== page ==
But the Supreme Court, in a unanimous decision, found “no unlawful conduct … and no prejudice is demonstrated by the manner in which the prosecutor conducted the evidentiary stage of the grand jury proceedings,” wrote Justice Robert Benham.
It’s been 33 months since Olsen shot Anthony Hill, a veteran of the Afghanistan War who had been medically discharged from the U.S. Air Force after being diagnosed with Post-Traumatic Stress Disorder (PTSD) and bi-polar disorder. Hill, according to family and friends, was having trouble adjusting to his medication, which they blame for his actions on March 9, 2015.
Olsen arrived at the Chamblee apartment complex where Hill lived after neighbors called 911 reporting his strange behavior. Hill had climbed down from his second-story apartment nude and was roaming through the complex, threatening no one but unsettling several residents.
After watching for several moments in a marked police car, Olsen got out of the vehicle after he noticed Hill approaching him. Olsen told him to stop but Hill continued moving towards the officer, who claimed he felt his safety was at risk.
Prosecutors say Hill had his hands in the air as he got closer to Olsen, who was armed with pepper spray and a Taser. He chose instead to shoot Hill twice in torso from about five feet away.
Olsen was charged in Jan. 2016 with felony murder, aggravated assault, violation of oath of office and making a false statement. The state alleges Olsen told another officer at the scene that Hill had assaulted him, a claim he later recanted.
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Hill had been one of 184 fatal police shootings in Georgia since 2010 documented in an Atlanta Journal-Constitution/Channel 2 Action News investigation that reviewed the victims and the circumstances surrounding each case. Of those 184 cases, Olsen was the first to face prosecution.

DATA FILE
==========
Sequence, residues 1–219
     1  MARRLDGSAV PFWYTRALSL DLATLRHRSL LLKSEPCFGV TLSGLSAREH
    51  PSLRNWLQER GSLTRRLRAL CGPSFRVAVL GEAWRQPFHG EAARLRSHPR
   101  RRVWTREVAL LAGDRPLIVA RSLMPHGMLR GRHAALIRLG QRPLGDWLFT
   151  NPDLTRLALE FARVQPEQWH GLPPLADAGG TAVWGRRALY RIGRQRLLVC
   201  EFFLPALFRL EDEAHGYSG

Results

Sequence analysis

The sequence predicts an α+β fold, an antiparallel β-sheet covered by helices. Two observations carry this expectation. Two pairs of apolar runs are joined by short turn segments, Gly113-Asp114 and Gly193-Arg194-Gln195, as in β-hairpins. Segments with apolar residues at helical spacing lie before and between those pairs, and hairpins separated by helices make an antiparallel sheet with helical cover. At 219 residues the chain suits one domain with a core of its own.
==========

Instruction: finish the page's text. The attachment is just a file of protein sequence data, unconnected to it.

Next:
The challenges in securing an indictment against an officer centered on the grand jury process which allowed officers the unique privilege of observing the entire hearing and testifying without cross-examination. Georgia lawmakers later passed a bill allowing the officer in the grand jury room only to give testimony. And they can now face questions from prosecutors or jurors.
But Samuel said that the deck was unfairly stacked against his client.
“Grand jurors were outnumbered by non-grand jurors at times,” Samuel said during a Sept. 2016 hearing.
But the Supreme Court was not convinced that the presence of extraneous staff “violated the need for grand jury secrecy or compromised the grand jury’s independence from outside influences.”
In a statement sent to The Atlanta Journal-Constitution after the court’s ruling, Samuel said the decision “enshrines the notion that the grand jury is nothing more than a tool of the prosecution that enhances its advantage in a criminal prosecution.
“The constitutional ‘right’ to a grand jury is no longer a ‘right’ at all,” he said.
A trial date is still pending but is expected to take place sometime next year.
“We look forward to proceeding expeditiously,” said DeKalb District Attorney Sherry Boston.